If the scales on your chickens legs aren't raised then I doubt it is scaly leg mite. It could be something as simple as that she has twisted or strained her ankle / foot. How high are the perches in the nest box? As she is quite a heavy breed and not a spring chicken anymore (ha, sorry, couldn't resist!) the perches shouldn't be any higher than 40cm where possible. Heavy or old chickens (6+ years) find it easier to injure their legs and feet by jumping from high perches, so the lower the better!

    Finally, just as a precaution, you might want to keep an eye out for symptoms of Mareks.It's a horrible disease and I hope not the cause of your chicken's injury. The diseases causes tumours to grow on the chicken’s organs. It can also cause paralysis of the legs and wings (sometimes the paralysis will disappear several days later, although the chicken will not be cured) and can make the colour of the iris change from the usual orange to a cloudy grey blue colour. The chicken may lose weight too.

    Sad to say there is no treatment for Marek’s disease, and unfortunately the advice tends to be to have the chicken humanely euthanized. There is a vaccine against Marek’s but this must be administered when the chicken is one day old, and is only on offer to large-scale chicken farming organisations. I did read something about a health tablet being helpful, have a read of this thread a few posts down:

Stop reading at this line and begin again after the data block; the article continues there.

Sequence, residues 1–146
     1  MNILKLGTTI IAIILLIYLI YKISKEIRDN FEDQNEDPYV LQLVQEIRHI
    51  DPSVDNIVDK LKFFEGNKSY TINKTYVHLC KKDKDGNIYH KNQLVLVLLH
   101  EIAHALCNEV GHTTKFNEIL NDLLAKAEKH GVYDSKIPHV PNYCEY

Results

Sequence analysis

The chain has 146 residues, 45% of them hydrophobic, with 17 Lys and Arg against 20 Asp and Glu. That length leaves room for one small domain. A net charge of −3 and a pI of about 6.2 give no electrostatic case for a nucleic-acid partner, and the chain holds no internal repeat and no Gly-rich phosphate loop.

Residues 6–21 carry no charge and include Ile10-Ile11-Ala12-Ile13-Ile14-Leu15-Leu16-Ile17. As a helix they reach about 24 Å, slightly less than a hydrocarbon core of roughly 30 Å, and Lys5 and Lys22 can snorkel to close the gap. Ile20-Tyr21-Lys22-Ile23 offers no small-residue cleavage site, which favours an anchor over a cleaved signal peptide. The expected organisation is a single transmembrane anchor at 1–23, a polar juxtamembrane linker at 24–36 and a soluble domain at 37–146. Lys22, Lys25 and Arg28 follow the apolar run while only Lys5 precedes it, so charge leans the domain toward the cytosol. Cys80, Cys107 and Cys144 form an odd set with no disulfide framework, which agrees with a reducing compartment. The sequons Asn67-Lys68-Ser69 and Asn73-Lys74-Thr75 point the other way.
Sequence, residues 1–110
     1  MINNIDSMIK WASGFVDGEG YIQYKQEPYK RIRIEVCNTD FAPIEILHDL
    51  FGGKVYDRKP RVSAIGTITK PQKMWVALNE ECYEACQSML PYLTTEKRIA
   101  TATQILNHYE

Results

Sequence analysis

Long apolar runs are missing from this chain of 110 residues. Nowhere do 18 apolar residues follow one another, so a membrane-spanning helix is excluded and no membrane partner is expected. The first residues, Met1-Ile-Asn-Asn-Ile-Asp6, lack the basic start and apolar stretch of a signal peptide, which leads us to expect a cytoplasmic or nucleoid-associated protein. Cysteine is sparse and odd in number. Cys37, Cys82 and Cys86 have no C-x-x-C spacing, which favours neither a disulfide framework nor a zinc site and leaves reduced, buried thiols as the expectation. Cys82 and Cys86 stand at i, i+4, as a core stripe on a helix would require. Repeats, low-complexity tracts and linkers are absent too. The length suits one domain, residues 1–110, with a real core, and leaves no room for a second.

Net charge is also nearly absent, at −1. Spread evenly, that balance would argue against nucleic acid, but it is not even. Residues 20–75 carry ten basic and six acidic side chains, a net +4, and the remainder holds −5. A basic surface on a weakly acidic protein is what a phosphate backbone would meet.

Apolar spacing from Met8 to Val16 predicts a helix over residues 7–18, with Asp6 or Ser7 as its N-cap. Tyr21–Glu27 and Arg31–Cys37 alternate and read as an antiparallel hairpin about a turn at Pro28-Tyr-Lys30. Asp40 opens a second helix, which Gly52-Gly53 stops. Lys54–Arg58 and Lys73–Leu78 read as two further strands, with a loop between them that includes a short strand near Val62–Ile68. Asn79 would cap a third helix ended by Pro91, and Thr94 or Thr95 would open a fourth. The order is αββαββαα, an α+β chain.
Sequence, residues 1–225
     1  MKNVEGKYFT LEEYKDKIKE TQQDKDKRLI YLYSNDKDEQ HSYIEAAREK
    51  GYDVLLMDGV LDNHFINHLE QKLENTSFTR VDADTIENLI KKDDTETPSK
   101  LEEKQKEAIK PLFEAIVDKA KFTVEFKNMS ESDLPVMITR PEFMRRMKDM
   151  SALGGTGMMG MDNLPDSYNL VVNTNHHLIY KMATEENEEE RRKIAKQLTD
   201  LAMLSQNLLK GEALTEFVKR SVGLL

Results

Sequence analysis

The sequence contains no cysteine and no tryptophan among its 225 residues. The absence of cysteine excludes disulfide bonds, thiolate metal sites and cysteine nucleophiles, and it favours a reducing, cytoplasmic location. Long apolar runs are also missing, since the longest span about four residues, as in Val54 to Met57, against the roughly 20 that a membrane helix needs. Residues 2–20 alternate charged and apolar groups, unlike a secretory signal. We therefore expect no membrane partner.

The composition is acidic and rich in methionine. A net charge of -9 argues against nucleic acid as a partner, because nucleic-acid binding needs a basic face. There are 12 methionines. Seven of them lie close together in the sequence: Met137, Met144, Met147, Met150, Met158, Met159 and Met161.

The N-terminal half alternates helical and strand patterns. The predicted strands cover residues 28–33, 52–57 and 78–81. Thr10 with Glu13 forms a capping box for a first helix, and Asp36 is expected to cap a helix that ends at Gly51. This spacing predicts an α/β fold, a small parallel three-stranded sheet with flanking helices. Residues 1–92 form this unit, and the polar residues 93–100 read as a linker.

http://www.hencam.co.uk/hencam_forum/comments.php?DiscussionID=394

    And this thread might be useful to read too as it has some info:
    http://www.hencam.co.uk/hencam_forum/comments.php?DiscussionID=484

    A vet appt will help determine if Mareks is the problem.

    Do you have a rooster? Sometimes a hen can hurt her leg (such as by jumping from a perch) and the rooster showing his affection can make the injury worse. If you do, maybe keep them separate until her injury is healed.

    Also, make sure you are feeding them the correct feed (Layers Pellets) to be sure she hasn't got weakened bones due to a poor diet.

    Leave your chicken be for a few days, check that she is eating and drinking as normal, and see if there are any other symptoms. Try not to let her do a lot of scratching or roaming - if she free-ranges but you have a coop and run then lock her in there with your other chickens for company.

    If there is no improvement within 4 - 5 days I would get a vet appt and see what they suggest.

    Sorry for the long post, i hope some of it helps :face-smile:
    • CommentAuthorTrevs Mum